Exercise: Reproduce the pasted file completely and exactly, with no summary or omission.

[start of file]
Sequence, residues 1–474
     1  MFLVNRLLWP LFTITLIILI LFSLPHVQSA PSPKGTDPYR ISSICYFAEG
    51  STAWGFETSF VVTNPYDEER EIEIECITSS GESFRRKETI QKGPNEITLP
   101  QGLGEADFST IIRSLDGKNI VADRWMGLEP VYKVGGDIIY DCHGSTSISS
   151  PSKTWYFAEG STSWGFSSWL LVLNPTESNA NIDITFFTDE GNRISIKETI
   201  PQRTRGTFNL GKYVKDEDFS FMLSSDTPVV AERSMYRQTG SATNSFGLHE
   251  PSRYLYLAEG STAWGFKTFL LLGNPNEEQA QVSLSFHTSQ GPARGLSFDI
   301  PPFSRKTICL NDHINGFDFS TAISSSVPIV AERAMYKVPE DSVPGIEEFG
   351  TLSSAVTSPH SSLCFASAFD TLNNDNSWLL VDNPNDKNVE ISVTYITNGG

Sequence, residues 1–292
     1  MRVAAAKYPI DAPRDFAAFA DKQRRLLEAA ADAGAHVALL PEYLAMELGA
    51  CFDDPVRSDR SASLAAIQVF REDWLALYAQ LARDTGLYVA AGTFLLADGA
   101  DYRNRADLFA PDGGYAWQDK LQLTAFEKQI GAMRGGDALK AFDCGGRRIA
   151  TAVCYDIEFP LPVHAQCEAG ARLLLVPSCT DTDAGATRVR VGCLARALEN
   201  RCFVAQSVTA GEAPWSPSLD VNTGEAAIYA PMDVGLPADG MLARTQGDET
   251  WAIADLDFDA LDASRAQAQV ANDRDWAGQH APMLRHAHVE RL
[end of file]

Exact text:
Sequence, residues 1–474
     1  MFLVNRLLWP LFTITLIILI LFSLPHVQSA PSPKGTDPYR ISSICYFAEG
    51  STAWGFETSF VVTNPYDEER EIEIECITSS GESFRRKETI QKGPNEITLP
   101  QGLGEADFST IIRSLDGKNI VADRWMGLEP VYKVGGDIIY DCHGSTSISS
   151  PSKTWYFAEG STSWGFSSWL LVLNPTESNA NIDITFFTDE GNRISIKETI
   201  PQRTRGTFNL GKYVKDEDFS FMLSSDTPVV AERSMYRQTG SATNSFGLHE
   251  PSRYLYLAEG STAWGFKTFL LLGNPNEEQA QVSLSFHTSQ GPARGLSFDI
   301  PPFSRKTICL NDHINGFDFS TAISSSVPIV AERAMYKVPE DSVPGIEEFG
   351  TLSSAVTSPH SSLCFASAFD TLNNDNSWLL VDNPNDKNVE ISVTYITNGG

Sequence, residues 1–292
     1  MRVAAAKYPI DAPRDFAAFA DKQRRLLEAA ADAGAHVALL PEYLAMELGA
    51  CFDDPVRSDR SASLAAIQVF REDWLALYAQ LARDTGLYVA AGTFLLADGA
   101  DYRNRADLFA PDGGYAWQDK LQLTAFEKQI GAMRGGDALK AFDCGGRRIA
   151  TAVCYDIEFP LPVHAQCEAG ARLLLVPSCT DTDAGATRVR VGCLARALEN
   201  RCFVAQSVTA GEAPWSPSLD VNTGEAAIYA PMDVGLPADG MLARTQGDET
   251  WAIADLDFDA LDASRAQAQV ANDRDWAGQH APMLRHAHVE RL